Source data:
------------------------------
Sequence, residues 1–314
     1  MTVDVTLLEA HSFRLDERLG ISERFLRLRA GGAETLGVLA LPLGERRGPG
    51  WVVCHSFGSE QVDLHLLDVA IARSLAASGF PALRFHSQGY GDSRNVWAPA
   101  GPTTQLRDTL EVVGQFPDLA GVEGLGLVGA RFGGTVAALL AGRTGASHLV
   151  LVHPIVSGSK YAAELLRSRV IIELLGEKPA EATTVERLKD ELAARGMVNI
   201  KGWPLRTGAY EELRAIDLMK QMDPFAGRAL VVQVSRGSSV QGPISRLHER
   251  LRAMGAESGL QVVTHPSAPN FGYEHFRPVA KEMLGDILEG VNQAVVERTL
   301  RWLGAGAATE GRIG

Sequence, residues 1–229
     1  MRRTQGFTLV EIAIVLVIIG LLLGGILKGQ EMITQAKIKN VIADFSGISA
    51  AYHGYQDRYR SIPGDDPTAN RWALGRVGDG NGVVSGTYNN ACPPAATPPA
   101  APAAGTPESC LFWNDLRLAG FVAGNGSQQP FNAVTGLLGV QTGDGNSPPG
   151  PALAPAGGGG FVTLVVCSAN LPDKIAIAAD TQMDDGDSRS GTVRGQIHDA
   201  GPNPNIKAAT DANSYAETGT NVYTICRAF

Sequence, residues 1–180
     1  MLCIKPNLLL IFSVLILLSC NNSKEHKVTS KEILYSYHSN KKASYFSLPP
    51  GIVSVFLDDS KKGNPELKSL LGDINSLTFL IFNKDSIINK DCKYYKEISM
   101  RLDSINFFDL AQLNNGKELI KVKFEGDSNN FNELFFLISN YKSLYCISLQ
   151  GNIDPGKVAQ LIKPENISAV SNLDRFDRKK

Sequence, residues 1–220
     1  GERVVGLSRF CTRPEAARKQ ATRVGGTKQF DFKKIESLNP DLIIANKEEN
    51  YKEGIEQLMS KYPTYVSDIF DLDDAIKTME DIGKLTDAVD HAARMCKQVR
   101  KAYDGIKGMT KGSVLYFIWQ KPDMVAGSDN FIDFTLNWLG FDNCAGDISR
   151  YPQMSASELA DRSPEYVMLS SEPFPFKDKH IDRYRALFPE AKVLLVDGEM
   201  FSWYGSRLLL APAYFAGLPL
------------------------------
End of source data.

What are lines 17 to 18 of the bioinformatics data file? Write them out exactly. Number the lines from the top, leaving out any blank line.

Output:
    51  GIVSVFLDDS KKGNPELKSL LGDINSLTFL IFNKDSIINK DCKYYKEISM
   101  RLDSINFFDL AQLNNGKELI KVKFEGDSNN FNELFFLISN YKSLYCISLQ